The Historical Dramas
Selma and American Sniper are excellent films. Both are the kind of films we may look back on one day and ask, “How did that not win an Oscar?”
The issue is that too many people have started looking at any film about recent history through a biased political lens – demanding a depiction of history that conforms to their understanding of how things really happened. Endless online editorials and think pieces from the likes of Slate, Salon, and the Washington Post reinforce this problem. This type of debate would be entirely appropriate if we were talking about two documentaries, but we are not.
Works of narrative film should not, and in many ways cannot, be viewed the same way as documentaries. Many of the best documentaries apply the concept of Cinema Verite, presenting fact without comment, with images speaking for themselves. The concept of Cinema Verite cannot by definition be applied to works of fiction. Yet here we are, criticizing two fine films because they do not depict history exactly as it happened (or as we like to think it happened). Unfortunately this likely means no Oscar for either Selma or American Sniper.
This leaves us with Boyhood and Birdman. Boyhood was cleaning up in early awards, Birdman has been doing so with more recent awards. This happened a little bit last year too, with 12 Years a Slave having early victories and Gravity (and oddly enough American Hustle) coming in late to have what was seen as momentum.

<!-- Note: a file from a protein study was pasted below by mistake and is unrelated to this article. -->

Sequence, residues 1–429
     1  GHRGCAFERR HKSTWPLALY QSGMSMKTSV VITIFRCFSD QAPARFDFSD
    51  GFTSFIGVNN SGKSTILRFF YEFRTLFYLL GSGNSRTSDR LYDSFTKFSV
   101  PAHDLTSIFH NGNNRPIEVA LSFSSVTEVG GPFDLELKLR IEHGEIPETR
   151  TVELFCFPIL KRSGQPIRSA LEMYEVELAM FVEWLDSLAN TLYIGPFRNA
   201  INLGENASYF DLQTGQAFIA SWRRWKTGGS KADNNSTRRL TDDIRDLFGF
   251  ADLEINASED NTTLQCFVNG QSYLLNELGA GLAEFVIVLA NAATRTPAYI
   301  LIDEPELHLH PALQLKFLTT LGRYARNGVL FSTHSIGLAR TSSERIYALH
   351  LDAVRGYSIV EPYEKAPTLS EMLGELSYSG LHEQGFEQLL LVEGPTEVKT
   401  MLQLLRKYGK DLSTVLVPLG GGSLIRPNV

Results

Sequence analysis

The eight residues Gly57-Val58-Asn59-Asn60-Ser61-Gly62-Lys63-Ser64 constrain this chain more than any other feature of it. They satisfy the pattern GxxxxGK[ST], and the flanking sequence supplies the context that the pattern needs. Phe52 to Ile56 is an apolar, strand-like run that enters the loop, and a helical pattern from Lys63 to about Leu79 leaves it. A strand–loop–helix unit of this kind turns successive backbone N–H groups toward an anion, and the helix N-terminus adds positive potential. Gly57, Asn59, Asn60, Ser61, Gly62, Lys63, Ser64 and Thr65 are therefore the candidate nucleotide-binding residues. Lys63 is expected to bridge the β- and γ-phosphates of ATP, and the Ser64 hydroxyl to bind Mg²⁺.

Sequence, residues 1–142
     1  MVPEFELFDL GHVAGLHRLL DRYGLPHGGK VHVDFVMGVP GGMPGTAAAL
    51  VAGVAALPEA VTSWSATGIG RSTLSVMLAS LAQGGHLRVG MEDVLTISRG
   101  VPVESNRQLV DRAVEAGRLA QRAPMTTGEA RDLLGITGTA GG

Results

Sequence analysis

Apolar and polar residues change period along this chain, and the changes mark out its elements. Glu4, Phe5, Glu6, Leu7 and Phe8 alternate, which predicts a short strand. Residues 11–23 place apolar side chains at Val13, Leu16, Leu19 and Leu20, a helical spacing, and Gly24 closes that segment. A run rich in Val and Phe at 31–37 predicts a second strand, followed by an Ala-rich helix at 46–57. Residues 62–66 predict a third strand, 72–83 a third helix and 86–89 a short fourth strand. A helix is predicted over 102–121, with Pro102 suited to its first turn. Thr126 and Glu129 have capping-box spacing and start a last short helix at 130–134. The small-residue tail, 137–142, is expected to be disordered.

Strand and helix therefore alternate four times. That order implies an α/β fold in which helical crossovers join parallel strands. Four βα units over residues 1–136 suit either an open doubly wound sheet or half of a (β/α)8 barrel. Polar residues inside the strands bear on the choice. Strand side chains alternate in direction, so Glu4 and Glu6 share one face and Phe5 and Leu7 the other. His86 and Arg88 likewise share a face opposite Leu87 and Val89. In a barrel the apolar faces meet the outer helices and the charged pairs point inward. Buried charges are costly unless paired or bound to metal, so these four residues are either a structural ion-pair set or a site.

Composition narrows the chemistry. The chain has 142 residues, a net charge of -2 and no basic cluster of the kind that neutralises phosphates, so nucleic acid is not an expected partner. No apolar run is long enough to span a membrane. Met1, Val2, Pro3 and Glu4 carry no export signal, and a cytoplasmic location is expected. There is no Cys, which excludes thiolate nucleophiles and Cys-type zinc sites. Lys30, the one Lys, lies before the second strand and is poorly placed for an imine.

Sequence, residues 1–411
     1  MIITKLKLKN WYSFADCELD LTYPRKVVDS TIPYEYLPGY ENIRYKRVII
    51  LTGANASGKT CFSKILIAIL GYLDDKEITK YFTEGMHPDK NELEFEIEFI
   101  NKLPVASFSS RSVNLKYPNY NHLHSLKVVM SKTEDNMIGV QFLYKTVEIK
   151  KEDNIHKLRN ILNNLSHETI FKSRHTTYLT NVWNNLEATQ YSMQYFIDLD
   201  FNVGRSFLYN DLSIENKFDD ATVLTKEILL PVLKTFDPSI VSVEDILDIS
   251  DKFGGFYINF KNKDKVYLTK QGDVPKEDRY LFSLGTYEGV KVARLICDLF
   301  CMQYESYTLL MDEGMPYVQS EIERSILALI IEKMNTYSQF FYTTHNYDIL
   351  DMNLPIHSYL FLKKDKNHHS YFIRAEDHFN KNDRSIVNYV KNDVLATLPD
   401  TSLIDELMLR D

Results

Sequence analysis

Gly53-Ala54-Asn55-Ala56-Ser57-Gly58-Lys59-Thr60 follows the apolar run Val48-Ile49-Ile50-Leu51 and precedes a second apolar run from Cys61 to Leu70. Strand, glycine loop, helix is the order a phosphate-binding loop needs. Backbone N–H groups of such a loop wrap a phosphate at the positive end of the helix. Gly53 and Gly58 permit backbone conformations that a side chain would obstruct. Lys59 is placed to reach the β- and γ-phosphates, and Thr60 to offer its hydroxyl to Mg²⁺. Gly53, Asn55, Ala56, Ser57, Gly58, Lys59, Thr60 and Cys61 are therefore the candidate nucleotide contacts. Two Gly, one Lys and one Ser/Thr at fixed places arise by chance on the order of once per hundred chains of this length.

Having known my share of theater and arts people, such folks love films about themselves. This is how Saving Private Ryan lost to Shakespeare in Love in 1998. When in doubt, movie people are going to want to give themselves a pat on the back. In some ways, both Boyhood and Birdman give them the opportunity to do so.
Birdman shows that movie people care about art (despite what theater people think of them). It plays into concerns that artistic cinema is being crowded out by summer blockbusters. It uses a ton of tracking shots. It has an ambiguous ending. It stars a Hollywood veteran who has always been more appreciated inside the industry than outside the industry.
Boyhood is a lengthly passion project by a director who has always been more appreciated inside the industry than outside the industry. It shows that movies can be about regular people, allowing Hollywood to scream, “Hey we’re just like you!” The long production and continuity of the the final product demonstrates fantastic editing and directorial vision.
Let’s read the tealeaves and see what the Academy wants to tell us this year. Do they want to say, “Look we understand regular people,” or “Look we care about art?” It’s a battle of dueling movie industry insecurities. Since the Academy Awards are nothing if not an annual display of how much movie people supposedly care about art, this means Birdman will likely win.
Do I think Birdman is the best movie of 2014? No. Fellow nominees American Sniper and Selma are superior films, and time may look upon other 2014 films that weren’t nominated more favorably than Birdman. But if it’s between Birdman and Boyhood, the smart pick is Birdman.
(c) 2015 D.G. McCabe